We were staying in a resort owned by another student of my mother-in-law (he was also tourist police so we felt pretty safe) called the Maenam resort and a bloody nice place it was too. Our balcony overlooked undulating jungle covered hills and fields. It was downright peaceful and relaxing. The view was hindered somewhat by the fact that half the mountain was on fire due to the annual slash and burn but It was beautiful there despite the smoky haze and falling ash. We drove two hours from here to town of Chiang Kong and had a quick breakfast of crispy pork, rice and chilli (awesome) before hitting the local market. We bought a chicken (a dead and cooked one) and some sticky rice and we were good to go.
The first stop was Thai customs which consisted of a small building by a dusty track that led to the river. It took about a minute to be allowed out of the country. Then, there before us, was the mighty river Mekong! Stretching from Tibet to Vietnam via China, Burma, Thailand, Laos, and Cambodia. We jumped on a tiny and unnecessarily low boat that took us across the sluggish, brown (but mighty!) river. A perilous minute later and we were in Laos. I love travelling overland, it seems a lot more civilised than all the shite you get at airports. The next step was to get a visa at the Laos border office. This took about 10 minutes and for no reason at all included two queues – one to get the visa and one to pay for it. You are supposed to have a passport photo but for the unprepared, like myself, they will scan your passport for $1, which is actually cheaper than if I had gotten a passport photo in the UK. Fortunately the windows are next to each other and I didn’t actually have to move. The visa took a couple of minutes, during which time the border guards chatted to my Thai wife. It was either because they were curious about her having married a farang, or because they were chatting her up. Either way, it made the process fast and friendly.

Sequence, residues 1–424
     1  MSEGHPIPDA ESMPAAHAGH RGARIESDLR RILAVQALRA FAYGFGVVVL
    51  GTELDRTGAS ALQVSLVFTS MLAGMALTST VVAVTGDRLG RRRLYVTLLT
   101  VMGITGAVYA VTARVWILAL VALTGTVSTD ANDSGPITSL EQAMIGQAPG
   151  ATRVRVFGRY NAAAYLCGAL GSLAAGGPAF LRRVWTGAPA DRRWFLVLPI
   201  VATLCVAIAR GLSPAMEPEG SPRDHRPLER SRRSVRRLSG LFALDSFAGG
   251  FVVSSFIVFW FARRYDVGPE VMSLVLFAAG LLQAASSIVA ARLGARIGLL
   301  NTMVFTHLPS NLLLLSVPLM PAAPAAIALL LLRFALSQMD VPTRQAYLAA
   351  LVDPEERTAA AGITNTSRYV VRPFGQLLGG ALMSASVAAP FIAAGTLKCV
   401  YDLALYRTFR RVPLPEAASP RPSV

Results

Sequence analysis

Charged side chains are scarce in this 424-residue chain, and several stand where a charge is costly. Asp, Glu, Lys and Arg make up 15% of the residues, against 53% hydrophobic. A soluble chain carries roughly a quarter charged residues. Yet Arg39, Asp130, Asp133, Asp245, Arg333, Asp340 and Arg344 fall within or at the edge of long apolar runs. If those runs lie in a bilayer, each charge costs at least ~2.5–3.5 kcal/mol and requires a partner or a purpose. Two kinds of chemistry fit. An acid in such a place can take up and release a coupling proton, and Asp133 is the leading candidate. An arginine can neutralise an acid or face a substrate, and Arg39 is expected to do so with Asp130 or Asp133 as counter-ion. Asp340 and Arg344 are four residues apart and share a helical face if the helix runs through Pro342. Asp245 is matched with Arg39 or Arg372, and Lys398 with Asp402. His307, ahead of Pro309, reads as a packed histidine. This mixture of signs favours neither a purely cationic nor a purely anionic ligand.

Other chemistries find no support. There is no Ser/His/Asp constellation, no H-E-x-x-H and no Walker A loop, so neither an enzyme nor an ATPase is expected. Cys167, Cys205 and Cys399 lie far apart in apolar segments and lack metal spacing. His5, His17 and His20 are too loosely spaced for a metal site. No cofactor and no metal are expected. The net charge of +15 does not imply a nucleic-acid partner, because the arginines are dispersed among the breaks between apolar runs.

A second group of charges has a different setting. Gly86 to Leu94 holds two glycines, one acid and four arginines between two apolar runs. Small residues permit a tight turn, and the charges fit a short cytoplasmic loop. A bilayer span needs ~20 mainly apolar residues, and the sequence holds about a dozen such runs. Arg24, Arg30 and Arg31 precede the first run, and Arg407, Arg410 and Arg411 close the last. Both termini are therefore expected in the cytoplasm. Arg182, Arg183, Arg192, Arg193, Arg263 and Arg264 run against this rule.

We were now Laos, in a small town called Houie Xai, although the spelling varies (Huay Xai being another). My mum actually came here in the 60s during the war. Officially the war never visited to Laos but that, excuse my Laotian, is well known to be bollocks. In fact war did visit and it overstayed its visa and behaved pretty badly throughout its stay. My mum hitched rides all over Laos with either aid workers or CIA agents (sometimes the same person). When she was there the town was called Ban Houie Sai. It is a tiny place that now seems to exist purely for the border crossing and as a place to buy tours and Beer Lao. From here we were driven through the brown and dusty streets to the pier where our ‘luxury boat’ awaited.
I may be a soft city type but it wasn’t that luxurious. But it wasn’t too bad either. A better term would be simply ‘boat’. It was about 80 feet long and there were probably about 100 of us. There were two seats on each side separated by a narrow walkway. This averagely luxurious vessel was to be our transport for the next two days. I could smoke and they sold large chilled bottles of Beer Lao, so I was confident I could survive the trip.